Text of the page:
A lower building houses the deli and tasting room; the food is of highest quality and overseen by an Italian chef. Sattui notes, “Wines taste better with food, and we encourage customers to pair them. Then when they go back to snowy Iowa, they can recapture the experience when they drink our wine, and they pick up the phone and order.”

The winery has four tasting rooms. The largest has a choice of tastings: a classic tasting of five of 11 wines for $5, or a premium tasting of six of 11 for $10. The mood is very friendly. “We don’t condescend to people,” Sattui says. “We try to treat everyone like a friend.”

Unlike most Napa Valley wineries, Sattui offers everything from neophyte-friendly sweet wines priced as low as $15 to serious vineyard-designate wines for more than $75. These include eight vineyard-designated Zinfandels, but also off-dry Riesling and frizzante Moscato. “Other vintners don't want to make sweet wines,” Sattui says. “That’s fine; I’ll sell people what they want.”

Upscale wine and food pairings are offered on weekends and during the busy season, no appointment required.

Other tasting rooms are the Cellar Club, in the “old” building, for club members, including those who buy a case per year. They get free tastings of the best wines, including from barrels: Sattui sells futures this way. The small Vittorio Room, named after Dario’s grandfather, who founded a wine business in San Francisco 125 years ago, is in the tower and offers wine and cheese parings for $17. The new Gold Room is for people who buy five cases: It offers free food and wine pairings for members ($25 for their guests).

Sattui has many long-term employees. He’s known to be demanding but fair, paying well (up to more than $20 per hour) and offering 401(k) plans and long vacations. The company offers individual incentives for wine club memberships and sales. The company also pays half tuition for wine classes at local institutions. “But you have to pull your own weight,” Sattui says.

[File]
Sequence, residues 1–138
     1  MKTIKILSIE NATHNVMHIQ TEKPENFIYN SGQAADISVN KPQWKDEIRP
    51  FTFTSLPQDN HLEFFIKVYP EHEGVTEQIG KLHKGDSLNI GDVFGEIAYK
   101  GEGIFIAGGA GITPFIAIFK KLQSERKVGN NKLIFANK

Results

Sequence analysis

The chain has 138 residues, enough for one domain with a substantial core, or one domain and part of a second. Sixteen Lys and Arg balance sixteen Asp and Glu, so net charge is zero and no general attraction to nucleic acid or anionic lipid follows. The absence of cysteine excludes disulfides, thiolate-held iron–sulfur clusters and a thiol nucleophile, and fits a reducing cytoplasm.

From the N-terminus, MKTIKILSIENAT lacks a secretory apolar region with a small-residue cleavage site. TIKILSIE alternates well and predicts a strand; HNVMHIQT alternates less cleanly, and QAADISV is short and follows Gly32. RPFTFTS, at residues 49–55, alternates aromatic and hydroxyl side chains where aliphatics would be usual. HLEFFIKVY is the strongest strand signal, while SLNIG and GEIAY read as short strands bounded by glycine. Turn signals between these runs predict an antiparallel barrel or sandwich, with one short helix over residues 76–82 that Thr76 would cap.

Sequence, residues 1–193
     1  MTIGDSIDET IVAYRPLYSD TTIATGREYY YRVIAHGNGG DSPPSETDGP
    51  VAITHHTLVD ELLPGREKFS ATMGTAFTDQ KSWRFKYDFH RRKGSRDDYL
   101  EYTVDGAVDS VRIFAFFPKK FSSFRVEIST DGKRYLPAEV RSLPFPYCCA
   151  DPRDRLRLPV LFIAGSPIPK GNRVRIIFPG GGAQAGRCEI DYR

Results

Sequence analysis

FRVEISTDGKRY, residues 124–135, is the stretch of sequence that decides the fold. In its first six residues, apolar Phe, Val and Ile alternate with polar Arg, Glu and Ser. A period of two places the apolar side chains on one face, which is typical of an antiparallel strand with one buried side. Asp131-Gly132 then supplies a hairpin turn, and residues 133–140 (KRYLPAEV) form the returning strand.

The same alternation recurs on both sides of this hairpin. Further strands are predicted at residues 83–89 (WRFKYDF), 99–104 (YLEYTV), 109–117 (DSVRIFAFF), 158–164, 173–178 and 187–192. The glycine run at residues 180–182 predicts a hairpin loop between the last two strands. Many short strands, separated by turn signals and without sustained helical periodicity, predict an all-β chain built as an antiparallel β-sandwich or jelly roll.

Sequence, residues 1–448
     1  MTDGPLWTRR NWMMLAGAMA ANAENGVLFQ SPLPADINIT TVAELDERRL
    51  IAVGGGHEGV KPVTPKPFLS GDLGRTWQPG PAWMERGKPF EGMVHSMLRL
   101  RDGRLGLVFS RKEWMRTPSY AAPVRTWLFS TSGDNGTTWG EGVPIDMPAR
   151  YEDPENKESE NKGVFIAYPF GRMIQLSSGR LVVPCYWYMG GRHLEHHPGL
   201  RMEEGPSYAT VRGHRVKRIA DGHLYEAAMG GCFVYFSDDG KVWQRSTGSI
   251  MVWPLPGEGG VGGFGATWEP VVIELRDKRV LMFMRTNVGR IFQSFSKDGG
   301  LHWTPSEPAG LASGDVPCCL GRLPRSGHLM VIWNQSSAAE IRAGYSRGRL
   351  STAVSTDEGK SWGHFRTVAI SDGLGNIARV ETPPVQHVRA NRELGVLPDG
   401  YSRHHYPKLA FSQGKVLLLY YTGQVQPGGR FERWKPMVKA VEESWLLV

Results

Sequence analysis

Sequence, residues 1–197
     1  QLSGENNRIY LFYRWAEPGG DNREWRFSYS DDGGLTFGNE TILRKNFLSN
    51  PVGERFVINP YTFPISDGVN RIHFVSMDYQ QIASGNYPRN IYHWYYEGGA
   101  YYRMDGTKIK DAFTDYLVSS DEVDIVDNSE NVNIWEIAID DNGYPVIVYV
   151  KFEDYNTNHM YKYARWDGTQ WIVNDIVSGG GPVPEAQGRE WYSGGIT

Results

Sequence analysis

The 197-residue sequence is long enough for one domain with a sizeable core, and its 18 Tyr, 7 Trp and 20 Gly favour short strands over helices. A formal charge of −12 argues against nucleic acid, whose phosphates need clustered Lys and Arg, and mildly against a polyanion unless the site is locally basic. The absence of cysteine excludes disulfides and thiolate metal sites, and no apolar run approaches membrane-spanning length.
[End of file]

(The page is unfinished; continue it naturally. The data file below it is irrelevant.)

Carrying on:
Is the strategy working? Sales were flat in 2009 over 2008, which Sattui considers an accomplishment, given that many wineries’ sales dropped 30% during the same period.

Castello di Amorosa: Napa’s most colossal attraction
While the castle itself is an attraction, and entry costs $16, it’s there to sell wine. For $31, visitors get a one-hour tour of part of the 107 rooms and eight levels, including a barrel tasting and six wine tastes ($10 more for a reserve tasting). Groups can also have private tours and tastings; club members can taste in the Passito Room.

Of course, the winery has clubs. You can join the club by buying a case of wine, which also nets one admission free and 10% off the wine. Buy three cases at once to get free admission, wine club membership and additional privileges when you return. Spend $3,000, and you become a member of the 500 Knights with special attention. Club members are invited to parties, as well.

Sattui emphasizes that it’s more about the relationships than the wines or the prices. “The customer is buying the salesperson he’s talking to. It’s simple common sense. Treat people the way you want to be treated.” Since it’s about the people, Sattui says he shares profits at the castle.
Posted on 06.18.2010 - 13:50:00 PST
It sounds like the only thing Apha Omega needs now is a PR director with common sense or at least an appreciation of the concept of silence. (See comments above; e.g. "tracking limo drivers", "unruly drunks", and "late arriving guests.")
Benicia, CA USA